Senior Seminars for 2024 - 2025

The descriptions of Senior Seminars appear below. In order to enroll in a Seminar, you MUST do Two things:

  1. Talk with the professor teaching the class you are interested in, and make sure you receive explicit permission to enroll.  
  2. Complete the Preference Form when you receive the email to do so.  

Fall 2024

Controversial issues in Psychology 
Professor Jeff Holmes
MW 1:00 - 2:40
This is a capstone course for psychology majors, in which we will discuss a variety of debated and misunderstood topics in psychology. Early in the semester we will discuss cognitive biases that interfere with the ability to critically evaluate information. Next, we will address several specific controversial issues. The final portion of the course will consist of student presentations on specific topics. The priority of the class is for students to integrate acquired expertise in areas such as cognitive, social, abnormal, behavioral, and biological psychology, as well as research methods and statistics. Students will be expected to challenge themselves by critically examining topics about which they may already have established opinions. The overall objectives of the course are increased knowledge of a variety of psychological issues, and refinement of critical thinking, writing, and oral communication skill.

Psychiatric illness and Episodic Distress: Support systems, Society, & Pharmacology
Professor Hugh Stephenson
MW 3:00 - 4:40
In this seminar, students will review current and debated topics in the area of clinical psychology, psychopharmacology, and mental health. Guest speakers will share their experiences as patients/consumers, as therapists, or in advocacy roles. There will also be a focus on social media and the internet and its role in shaping mental health in contemporary culture. The course includes weekly readings & reflections, class discussions, student presentations, and focused in-depth papers. Topics covered include controversial mental health diagnoses and treatments, placebo effects in treatment, over prescription, commercial impact on treatment and clinical research, the impact of social media on mental health, the role of AI in creating filter bubbles, online polarization, and many others. Students will discuss a range of topics and also will explore in depth two specific topics of their choice via a major presentation and paper.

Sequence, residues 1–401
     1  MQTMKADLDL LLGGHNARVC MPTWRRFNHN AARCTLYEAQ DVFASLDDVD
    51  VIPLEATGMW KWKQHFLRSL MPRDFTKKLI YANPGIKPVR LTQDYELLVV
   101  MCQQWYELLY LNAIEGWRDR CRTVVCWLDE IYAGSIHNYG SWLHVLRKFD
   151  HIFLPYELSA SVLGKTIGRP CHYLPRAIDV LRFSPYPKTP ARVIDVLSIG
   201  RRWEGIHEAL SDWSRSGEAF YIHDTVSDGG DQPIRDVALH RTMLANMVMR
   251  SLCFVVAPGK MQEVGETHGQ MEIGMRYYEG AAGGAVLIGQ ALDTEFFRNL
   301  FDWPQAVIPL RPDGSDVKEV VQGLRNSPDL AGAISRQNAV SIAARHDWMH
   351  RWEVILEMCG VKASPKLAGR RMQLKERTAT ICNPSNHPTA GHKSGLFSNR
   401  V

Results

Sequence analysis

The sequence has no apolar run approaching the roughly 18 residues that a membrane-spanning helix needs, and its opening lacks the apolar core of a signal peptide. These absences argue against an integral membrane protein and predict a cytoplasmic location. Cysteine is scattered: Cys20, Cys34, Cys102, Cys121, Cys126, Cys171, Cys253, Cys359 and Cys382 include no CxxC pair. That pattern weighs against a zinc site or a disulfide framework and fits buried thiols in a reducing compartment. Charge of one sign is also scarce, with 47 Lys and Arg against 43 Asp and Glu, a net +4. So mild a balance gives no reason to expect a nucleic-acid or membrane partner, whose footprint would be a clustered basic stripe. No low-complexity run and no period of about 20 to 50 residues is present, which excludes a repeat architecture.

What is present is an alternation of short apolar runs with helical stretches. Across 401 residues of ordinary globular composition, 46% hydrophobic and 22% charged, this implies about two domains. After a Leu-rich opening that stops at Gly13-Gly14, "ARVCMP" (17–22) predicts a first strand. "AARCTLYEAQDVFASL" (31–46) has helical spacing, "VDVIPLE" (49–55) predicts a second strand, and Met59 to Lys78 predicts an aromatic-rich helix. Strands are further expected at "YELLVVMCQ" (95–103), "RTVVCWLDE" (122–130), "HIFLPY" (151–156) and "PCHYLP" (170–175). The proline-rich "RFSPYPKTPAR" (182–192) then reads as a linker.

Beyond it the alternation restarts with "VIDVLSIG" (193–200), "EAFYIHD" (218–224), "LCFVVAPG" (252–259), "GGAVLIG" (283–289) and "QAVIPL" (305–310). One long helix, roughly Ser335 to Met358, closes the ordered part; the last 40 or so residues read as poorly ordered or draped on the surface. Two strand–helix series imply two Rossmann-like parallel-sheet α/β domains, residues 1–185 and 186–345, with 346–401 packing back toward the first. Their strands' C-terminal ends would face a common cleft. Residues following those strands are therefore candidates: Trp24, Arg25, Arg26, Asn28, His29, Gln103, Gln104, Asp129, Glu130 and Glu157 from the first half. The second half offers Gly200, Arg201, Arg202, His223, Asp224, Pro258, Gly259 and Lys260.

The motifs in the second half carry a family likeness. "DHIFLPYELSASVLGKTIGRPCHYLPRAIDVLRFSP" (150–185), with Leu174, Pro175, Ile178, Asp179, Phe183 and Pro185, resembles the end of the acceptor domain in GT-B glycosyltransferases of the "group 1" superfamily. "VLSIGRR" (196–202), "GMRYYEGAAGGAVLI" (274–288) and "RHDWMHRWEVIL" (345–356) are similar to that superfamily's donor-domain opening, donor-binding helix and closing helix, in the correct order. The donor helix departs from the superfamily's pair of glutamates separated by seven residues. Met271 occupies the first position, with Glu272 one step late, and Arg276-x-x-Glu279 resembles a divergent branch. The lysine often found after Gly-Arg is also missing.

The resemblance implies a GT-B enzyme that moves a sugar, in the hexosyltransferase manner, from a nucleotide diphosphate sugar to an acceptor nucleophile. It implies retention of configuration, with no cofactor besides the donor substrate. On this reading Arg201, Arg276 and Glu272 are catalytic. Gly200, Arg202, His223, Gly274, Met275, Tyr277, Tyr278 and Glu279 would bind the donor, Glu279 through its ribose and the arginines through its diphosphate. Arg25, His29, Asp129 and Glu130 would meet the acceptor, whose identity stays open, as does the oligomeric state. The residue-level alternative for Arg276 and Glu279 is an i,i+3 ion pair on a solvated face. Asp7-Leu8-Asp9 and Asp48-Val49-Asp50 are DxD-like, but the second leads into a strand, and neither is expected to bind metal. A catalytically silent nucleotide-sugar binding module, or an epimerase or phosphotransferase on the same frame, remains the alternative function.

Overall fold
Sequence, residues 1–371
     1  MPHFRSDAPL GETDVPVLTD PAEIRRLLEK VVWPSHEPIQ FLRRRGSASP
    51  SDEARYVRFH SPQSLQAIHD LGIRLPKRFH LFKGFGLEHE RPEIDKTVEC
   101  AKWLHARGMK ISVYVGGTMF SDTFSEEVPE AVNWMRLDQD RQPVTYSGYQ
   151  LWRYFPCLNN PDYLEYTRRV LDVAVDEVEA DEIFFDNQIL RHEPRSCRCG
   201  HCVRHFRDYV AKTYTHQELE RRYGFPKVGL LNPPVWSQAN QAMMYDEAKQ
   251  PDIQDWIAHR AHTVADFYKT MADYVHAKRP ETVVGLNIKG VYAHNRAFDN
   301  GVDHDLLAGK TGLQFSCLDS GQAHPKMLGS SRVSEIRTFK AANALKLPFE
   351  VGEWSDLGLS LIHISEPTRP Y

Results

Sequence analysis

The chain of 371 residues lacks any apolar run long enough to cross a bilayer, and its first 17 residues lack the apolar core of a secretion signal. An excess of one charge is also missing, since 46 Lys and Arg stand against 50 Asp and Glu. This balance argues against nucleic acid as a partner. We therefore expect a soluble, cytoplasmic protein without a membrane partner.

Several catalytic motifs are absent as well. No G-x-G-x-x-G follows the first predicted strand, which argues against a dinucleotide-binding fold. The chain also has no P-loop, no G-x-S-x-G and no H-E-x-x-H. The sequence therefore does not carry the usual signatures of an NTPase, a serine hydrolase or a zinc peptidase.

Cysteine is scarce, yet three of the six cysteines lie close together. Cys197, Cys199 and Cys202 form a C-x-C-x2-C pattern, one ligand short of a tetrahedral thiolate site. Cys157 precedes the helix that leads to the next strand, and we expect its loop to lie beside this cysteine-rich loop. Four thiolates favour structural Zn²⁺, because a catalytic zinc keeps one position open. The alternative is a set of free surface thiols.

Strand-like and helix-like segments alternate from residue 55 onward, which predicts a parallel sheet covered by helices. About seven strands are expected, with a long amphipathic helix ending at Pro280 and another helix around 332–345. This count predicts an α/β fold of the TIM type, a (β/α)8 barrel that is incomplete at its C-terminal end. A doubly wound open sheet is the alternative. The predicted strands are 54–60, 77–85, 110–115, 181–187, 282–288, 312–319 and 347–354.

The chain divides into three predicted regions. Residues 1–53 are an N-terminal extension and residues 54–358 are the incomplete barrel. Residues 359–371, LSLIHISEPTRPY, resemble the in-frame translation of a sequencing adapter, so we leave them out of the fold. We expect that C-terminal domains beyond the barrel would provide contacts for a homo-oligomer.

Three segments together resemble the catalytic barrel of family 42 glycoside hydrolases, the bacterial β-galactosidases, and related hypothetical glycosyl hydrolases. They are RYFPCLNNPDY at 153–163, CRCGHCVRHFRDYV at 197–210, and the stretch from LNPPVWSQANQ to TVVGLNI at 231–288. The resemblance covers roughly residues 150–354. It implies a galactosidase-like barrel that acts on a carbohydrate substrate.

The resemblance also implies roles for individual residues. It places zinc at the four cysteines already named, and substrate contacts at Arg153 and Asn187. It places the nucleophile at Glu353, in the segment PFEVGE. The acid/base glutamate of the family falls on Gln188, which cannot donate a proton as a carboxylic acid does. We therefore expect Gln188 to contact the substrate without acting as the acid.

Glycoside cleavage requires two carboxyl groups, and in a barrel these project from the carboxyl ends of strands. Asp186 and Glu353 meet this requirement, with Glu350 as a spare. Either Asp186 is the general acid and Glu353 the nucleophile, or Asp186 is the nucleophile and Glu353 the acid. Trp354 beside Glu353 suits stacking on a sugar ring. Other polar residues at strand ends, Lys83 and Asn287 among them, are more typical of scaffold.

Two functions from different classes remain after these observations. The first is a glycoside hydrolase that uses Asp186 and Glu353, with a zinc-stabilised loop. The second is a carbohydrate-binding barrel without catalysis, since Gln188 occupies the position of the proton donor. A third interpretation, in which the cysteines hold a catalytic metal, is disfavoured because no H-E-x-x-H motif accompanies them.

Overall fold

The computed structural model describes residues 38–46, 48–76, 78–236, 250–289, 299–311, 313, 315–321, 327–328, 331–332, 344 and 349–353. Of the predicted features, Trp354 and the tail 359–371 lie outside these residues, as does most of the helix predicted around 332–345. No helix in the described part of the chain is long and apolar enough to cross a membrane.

Advanced topics in neurodegenerative disease 
Professor Benjamin Zemel
MW 1:00 - 2:40
In this course we will review the different types of neurodegenerative diseases such as Alzheimer’s and Parkinson’s disease. These diseases can be studied at multiple levels, from the molecules that cause neuronal malfunction to system level changes in brain circuit function. We will track progress in both the diagnosis and treatment of these diseases from both historical and contemporary perspectives. This will include an exploration of current animal models used to research disease mechanisms and novel therapeutics. Finally, this course will examine the societal impact these diseases have at the level of financial cost to taxpayers and families, allocation of medical resources, and burden on caretakers. Students will complete writing assignments based on course content, participate in class discussions based on assigned readings, and craft oral presentations.

Spring 2025

Queer-ying Psychology: The Use and Abuse of Sex Research in Psychology and Beyond (SPRING 2025)
Professor Natasha Bharj
Time TBA

In this class we will learn about the history of sex research in Psychology. We’ll examine the historical and social trends driving research, past and present. We will track how sex research travels outside of the lab and into social life, and what happens to it along the way.
Each week we will read & discuss a piece of sex research, examining the methodology and underlying assumptions in their historical context. We will also compare famous historical studies to contemporary psychological research. By examining sex research across multiple domains and time periods, we will think critically about the ethics of research and the role of psychologists in challenging (or promoting) inequality. In addition to weekly readings and short writing assignments, you will do a term paper and a class presentation on a topic of your choice.